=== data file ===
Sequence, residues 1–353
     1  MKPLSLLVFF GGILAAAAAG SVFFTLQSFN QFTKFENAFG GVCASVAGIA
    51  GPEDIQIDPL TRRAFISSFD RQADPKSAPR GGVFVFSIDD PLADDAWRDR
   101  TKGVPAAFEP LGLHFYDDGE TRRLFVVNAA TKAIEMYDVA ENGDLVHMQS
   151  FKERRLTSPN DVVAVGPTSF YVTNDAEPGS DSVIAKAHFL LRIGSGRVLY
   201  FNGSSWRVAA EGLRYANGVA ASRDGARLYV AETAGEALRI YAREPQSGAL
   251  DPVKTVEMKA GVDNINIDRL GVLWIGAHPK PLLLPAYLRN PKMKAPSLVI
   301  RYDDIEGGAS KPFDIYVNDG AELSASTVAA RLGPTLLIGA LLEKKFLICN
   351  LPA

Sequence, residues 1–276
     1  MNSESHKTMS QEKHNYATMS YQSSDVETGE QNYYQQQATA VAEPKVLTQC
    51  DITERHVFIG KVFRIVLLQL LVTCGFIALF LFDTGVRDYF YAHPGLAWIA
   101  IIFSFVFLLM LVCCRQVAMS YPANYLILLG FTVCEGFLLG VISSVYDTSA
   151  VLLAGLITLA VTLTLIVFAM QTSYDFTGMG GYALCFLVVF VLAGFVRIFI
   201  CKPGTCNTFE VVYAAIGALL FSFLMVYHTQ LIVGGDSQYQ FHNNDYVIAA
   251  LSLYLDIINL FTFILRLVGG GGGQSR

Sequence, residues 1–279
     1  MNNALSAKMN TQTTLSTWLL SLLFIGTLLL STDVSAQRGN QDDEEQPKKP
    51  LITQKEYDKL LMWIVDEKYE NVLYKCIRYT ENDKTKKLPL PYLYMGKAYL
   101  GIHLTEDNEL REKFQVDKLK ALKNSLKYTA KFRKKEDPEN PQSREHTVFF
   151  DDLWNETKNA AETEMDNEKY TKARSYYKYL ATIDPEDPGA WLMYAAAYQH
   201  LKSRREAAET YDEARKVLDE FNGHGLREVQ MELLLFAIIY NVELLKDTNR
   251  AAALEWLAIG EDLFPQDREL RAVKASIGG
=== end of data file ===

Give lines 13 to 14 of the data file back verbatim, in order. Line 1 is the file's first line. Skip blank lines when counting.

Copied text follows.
   101  IIFSFVFLLM LVCCRQVAMS YPANYLILLG FTVCEGFLLG VISSVYDTSA
   151  VLLAGLITLA VTLTLIVFAM QTSYDFTGMG GYALCFLVVF VLAGFVRIFI